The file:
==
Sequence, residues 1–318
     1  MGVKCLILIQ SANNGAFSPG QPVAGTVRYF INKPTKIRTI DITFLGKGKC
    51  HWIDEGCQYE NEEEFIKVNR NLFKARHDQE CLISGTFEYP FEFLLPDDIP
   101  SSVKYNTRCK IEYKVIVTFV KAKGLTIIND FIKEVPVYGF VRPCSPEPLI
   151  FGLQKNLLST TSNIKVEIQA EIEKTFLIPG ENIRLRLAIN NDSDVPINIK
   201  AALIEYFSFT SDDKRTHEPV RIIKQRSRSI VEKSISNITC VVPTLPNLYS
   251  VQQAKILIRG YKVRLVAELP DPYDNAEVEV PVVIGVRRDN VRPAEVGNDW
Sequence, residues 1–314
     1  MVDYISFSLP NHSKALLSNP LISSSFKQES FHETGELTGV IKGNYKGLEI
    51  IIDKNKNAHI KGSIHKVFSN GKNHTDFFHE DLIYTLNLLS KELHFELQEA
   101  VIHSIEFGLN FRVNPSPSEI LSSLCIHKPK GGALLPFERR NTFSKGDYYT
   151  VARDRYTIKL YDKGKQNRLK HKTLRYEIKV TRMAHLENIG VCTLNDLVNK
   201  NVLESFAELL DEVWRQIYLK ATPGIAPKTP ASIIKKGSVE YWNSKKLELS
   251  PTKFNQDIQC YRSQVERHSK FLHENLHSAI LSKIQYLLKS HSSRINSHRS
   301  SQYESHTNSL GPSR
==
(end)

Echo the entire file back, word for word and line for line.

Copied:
Sequence, residues 1–318
     1  MGVKCLILIQ SANNGAFSPG QPVAGTVRYF INKPTKIRTI DITFLGKGKC
    51  HWIDEGCQYE NEEEFIKVNR NLFKARHDQE CLISGTFEYP FEFLLPDDIP
   101  SSVKYNTRCK IEYKVIVTFV KAKGLTIIND FIKEVPVYGF VRPCSPEPLI
   151  FGLQKNLLST TSNIKVEIQA EIEKTFLIPG ENIRLRLAIN NDSDVPINIK
   201  AALIEYFSFT SDDKRTHEPV RIIKQRSRSI VEKSISNITC VVPTLPNLYS
   251  VQQAKILIRG YKVRLVAELP DPYDNAEVEV PVVIGVRRDN VRPAEVGNDW
Sequence, residues 1–314
     1  MVDYISFSLP NHSKALLSNP LISSSFKQES FHETGELTGV IKGNYKGLEI
    51  IIDKNKNAHI KGSIHKVFSN GKNHTDFFHE DLIYTLNLLS KELHFELQEA
   101  VIHSIEFGLN FRVNPSPSEI LSSLCIHKPK GGALLPFERR NTFSKGDYYT
   151  VARDRYTIKL YDKGKQNRLK HKTLRYEIKV TRMAHLENIG VCTLNDLVNK
   201  NVLESFAELL DEVWRQIYLK ATPGIAPKTP ASIIKKGSVE YWNSKKLELS
   251  PTKFNQDIQC YRSQVERHSK FLHENLHSAI LSKIQYLLKS HSSRINSHRS
   301  SQYESHTNSL GPSR